The ART syntax lives on in yet another product!
JBOSS Rules (formerly Drools) just described its imminent support for rules expressed in the CLIPS syntax here.
NASA derived CLIPS from the syntax of Inference Corporation’s Automated Reasoning Tool (ART) in the mid-80s. I designed and implemented the ART syntax with Chuck Williams on a team with Brad Allen and Mark Wright.
CLIPS didn’t have many of the features of ART (including an ATMS or backward chaining, for example), but it was a good forward-chaining rule-based language based on the Rete Algorithm but implemented in C so it could run on PCs.
A hybrid of original ART and CLIPS is still available from Mindbox.
When I started Haley circa 1990, I implemented more of the original ART functionality and overcame the memory and graphical user interface limitations of CLIPS in the Eclipse rule language which Haley still sells today. During the 1990s, CLIPS followed Eclipse, adding support for truth maintenance, for example. As the years went on, the Department of Energy then funded Sandia National Laboratories’ development of JESS as a Java derivative of CLIPS supporting “my favorite syntax”.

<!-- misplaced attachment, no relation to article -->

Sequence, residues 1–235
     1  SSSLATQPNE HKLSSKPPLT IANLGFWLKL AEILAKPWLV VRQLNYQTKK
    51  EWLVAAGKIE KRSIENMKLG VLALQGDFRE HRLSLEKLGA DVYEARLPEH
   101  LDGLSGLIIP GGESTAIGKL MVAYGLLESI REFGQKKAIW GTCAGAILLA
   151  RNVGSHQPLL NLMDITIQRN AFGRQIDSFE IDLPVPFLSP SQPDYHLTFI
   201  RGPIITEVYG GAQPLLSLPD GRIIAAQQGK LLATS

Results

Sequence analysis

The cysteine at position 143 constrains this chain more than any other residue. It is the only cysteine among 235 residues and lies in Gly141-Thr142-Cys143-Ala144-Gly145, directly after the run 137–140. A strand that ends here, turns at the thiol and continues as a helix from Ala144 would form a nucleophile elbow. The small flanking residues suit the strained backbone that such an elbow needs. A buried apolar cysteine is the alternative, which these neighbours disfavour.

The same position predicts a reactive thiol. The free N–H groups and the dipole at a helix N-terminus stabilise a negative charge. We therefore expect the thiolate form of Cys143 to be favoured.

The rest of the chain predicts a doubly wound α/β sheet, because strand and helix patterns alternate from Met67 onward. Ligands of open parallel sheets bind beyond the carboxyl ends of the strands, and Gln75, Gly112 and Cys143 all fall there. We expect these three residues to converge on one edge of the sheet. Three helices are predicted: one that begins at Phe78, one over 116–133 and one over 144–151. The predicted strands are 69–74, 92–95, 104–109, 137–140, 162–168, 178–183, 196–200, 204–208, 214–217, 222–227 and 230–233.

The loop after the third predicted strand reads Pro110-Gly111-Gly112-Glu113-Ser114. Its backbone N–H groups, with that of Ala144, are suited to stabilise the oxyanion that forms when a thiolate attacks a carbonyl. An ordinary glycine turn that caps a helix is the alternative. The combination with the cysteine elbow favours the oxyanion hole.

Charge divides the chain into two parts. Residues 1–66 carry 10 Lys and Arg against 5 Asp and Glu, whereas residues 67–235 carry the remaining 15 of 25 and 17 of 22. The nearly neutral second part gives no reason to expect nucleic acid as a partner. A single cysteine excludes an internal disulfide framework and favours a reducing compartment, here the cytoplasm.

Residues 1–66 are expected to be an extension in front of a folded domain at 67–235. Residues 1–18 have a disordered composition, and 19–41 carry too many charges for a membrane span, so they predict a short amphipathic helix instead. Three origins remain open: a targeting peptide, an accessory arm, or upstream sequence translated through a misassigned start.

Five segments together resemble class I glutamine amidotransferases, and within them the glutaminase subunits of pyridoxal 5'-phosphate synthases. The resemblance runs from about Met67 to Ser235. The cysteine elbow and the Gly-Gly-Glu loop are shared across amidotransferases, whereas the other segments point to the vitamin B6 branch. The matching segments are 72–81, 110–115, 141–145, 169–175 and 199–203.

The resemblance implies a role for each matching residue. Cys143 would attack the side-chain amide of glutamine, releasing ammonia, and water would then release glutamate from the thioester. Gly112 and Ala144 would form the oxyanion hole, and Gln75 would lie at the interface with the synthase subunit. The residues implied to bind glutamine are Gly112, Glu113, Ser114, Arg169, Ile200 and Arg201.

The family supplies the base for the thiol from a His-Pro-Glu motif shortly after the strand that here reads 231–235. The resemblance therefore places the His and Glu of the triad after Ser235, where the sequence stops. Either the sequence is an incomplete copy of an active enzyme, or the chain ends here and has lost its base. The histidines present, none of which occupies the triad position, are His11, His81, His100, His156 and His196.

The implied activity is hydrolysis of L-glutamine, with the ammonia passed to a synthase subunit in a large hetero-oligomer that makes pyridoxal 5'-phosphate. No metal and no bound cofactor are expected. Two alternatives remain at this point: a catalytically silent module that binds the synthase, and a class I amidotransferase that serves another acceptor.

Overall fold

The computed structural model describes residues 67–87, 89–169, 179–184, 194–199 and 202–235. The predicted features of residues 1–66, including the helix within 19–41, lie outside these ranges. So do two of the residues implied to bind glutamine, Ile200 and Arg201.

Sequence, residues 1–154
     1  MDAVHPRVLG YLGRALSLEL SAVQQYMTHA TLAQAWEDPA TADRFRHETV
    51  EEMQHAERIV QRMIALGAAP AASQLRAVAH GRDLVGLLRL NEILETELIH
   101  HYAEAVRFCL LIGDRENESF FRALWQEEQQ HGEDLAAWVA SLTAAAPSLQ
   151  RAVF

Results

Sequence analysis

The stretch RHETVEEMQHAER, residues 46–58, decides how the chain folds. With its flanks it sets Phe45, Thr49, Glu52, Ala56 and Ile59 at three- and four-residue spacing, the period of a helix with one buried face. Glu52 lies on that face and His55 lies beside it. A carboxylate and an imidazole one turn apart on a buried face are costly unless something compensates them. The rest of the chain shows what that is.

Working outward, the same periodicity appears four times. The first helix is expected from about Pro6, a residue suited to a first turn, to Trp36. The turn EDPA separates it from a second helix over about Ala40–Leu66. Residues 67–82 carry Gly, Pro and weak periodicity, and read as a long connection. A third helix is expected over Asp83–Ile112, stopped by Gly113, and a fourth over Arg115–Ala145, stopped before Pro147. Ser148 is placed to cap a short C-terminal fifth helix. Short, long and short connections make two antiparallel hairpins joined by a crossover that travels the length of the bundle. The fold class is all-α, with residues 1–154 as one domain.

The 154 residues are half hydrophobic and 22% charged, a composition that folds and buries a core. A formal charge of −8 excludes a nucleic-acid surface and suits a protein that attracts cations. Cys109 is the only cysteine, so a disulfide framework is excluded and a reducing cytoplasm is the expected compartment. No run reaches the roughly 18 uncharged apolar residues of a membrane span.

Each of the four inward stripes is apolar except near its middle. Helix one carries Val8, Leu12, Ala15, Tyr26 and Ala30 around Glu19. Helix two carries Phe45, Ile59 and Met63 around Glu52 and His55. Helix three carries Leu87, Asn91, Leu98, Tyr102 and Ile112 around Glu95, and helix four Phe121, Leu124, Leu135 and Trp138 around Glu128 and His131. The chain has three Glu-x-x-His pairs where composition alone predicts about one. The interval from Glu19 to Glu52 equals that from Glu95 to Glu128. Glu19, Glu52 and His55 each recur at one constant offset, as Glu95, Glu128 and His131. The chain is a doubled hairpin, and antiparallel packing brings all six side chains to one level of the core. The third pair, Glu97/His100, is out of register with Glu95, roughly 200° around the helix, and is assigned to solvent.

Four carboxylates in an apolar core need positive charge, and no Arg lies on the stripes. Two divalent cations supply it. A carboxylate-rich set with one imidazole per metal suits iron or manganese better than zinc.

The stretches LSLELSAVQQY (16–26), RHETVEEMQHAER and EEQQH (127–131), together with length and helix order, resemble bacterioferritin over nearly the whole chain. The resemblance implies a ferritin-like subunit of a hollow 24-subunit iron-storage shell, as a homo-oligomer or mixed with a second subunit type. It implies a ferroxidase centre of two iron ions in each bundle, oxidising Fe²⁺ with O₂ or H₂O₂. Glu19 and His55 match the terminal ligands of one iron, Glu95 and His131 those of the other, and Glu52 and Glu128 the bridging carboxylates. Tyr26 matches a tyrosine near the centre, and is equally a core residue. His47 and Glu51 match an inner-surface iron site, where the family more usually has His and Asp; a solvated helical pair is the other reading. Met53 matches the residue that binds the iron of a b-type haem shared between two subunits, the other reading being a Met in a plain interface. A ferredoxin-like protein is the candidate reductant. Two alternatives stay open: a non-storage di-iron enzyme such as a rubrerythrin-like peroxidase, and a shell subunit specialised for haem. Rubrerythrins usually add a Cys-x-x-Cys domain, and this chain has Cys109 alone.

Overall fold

To the best of my knowledge, only the ART syntax survives from the heady days of AI commercialism in the 1980s.
Drools, unlike JESS, is open-source and freely available for commercial use.
Personally, Drools support means more to me than JESS. Drools didn’t need to support the ART syntax. Drools already supported an XML syntax for rules. XML will have the legs here, but the ART/CLIPS/Eclipse/JESS/Haley syntax is the most popular business/production rule syntax in the world and has become the most functional over the last 25 years or so.
For those that are interested in the linguistic evolution, Haley has a similar story here.
For those who are interested in the functional advances, this is slide 9 from a presentation on on emerging standards and the semantic web, including ontologies and rules standards, that I gave at last year’s Meta Data conference. HRML (Haley Rules Markup Language) is a limited XML alternative to Eclipse syntax.
The slides are available on-line as Meta Data 2007 Boston presentation on Semantic Standards for Agility.